Mr. Turner was obsessed with light. He studied it for years, always trying to find a better way to capture it on the canvas. Mike Leigh and his frequent cinematographer Dick Pope use this knowledge to craft one of the year’s most gorgeous films. Every shot, for almost the entire length of the film, is a master class of illumination, shadow and color balance, making for a wonderful mash-up of art forms. Cinema influenced by other art forms can be a good thing!
In the title role, Timothy Spall provides a crazy mixture of slouches, sneers and, yes, many grunts. But he makes the man real despite a stylized, though subdued, performance.
Even more subdued is Steve Carell as John du Pont in Bennett Miller’s disturbing Foxcatcher. Carell, as a rich man who decides to coach wrestling on his estate, is quiet, often motionless and uncertain for much of the film and only gets more comatose as the story goes on. Quite the opposite is Channing Tatum as Mark Schultz, all balled up aggression and frustration. The cast, including the always steady Mark Ruffalo, anchor the story, but it is Bennett Miller who gives the film much of its creepy air; his use of silence and some scene framing is inspired. The story, if you don’t know it, as I didn’t, is a shocker (a lady in the audience even let out a scream at one point).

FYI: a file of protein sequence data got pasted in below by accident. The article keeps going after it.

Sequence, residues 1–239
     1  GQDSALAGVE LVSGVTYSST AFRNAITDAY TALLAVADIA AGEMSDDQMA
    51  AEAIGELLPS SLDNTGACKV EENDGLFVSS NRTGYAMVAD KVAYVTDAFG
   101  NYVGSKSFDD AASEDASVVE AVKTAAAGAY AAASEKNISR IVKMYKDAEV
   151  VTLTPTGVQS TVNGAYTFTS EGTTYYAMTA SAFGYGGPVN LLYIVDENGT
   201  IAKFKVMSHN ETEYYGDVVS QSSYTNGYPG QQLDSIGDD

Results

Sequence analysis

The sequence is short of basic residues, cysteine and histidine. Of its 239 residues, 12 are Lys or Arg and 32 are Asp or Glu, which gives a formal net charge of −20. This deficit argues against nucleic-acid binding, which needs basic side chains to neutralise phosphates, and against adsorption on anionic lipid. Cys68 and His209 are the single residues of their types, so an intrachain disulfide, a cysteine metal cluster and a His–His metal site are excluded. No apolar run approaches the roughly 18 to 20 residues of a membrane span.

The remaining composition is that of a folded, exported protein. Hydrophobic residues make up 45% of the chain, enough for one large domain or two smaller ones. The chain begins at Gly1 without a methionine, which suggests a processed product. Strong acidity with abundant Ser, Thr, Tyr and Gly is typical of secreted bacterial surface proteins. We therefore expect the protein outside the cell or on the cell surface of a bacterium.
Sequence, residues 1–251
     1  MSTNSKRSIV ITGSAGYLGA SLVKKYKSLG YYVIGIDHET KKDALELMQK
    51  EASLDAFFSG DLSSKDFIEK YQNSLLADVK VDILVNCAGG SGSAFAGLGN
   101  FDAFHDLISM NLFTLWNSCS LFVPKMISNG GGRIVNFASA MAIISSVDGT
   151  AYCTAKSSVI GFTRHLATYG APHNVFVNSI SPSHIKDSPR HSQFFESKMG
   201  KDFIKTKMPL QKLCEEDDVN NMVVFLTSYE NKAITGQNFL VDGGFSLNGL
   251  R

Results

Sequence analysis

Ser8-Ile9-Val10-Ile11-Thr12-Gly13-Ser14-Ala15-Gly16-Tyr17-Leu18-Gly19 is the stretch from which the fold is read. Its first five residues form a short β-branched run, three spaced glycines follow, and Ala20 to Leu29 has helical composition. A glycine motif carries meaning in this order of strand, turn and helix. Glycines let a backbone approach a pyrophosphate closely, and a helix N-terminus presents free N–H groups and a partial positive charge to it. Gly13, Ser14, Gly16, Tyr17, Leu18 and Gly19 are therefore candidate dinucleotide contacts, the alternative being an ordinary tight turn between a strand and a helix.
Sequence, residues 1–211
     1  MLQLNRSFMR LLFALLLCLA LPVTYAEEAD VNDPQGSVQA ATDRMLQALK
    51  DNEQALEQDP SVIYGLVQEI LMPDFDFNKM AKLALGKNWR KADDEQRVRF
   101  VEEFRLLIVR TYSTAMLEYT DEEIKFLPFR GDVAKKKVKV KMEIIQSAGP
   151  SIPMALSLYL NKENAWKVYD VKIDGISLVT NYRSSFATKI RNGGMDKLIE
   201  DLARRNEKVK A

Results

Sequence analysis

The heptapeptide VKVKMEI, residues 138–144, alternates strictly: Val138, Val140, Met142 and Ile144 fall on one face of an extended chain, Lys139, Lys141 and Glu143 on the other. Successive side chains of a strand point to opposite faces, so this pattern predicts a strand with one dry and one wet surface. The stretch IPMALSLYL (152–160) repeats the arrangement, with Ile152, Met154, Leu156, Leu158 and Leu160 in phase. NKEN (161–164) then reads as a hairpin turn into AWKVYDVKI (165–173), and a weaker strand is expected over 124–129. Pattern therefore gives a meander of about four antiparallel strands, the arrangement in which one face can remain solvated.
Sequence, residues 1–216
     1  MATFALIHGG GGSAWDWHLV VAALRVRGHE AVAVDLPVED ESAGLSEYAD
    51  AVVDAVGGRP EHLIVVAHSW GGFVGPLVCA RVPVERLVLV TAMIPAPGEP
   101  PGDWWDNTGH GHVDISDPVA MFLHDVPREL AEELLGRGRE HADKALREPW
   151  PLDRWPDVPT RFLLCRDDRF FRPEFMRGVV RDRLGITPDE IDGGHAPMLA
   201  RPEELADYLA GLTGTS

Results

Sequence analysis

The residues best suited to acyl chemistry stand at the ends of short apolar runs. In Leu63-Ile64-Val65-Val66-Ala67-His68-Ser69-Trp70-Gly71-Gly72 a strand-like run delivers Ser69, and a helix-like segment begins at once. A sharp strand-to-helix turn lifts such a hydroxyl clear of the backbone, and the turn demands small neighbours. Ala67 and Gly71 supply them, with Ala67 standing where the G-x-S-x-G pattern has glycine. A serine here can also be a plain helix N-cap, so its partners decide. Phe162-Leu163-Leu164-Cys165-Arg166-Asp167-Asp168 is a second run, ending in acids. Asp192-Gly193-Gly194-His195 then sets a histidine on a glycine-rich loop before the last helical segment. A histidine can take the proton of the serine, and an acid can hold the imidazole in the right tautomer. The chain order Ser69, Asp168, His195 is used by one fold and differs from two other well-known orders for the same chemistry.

The last film for me this year actually let me down, compared to expectations. Olivier Assayas’ Clouds of Sils Maria is enjoyable to watch, features warm, engaging performances from Juliette Binoche and Kristen Stewart, and brings up a lot of interesting points about acting and what we bring to a role. Only, I could not make any connections between the various parts to find a whole. There are echoes of Copie conforme and Vanya on 42nd Street, until a new subplot shows that no, there aren’t. Every time I felt I had a lock on the film it eluded me. Perhaps with repeat viewing one day it will make more sense.
A VIFF Top 10
2. Mr. Turner
3. Hill of Freedom
4. Heaven Knows What
5. Winter Sleep
6. Horse Money
8. Two Days, One Night
10. Maps to the Stars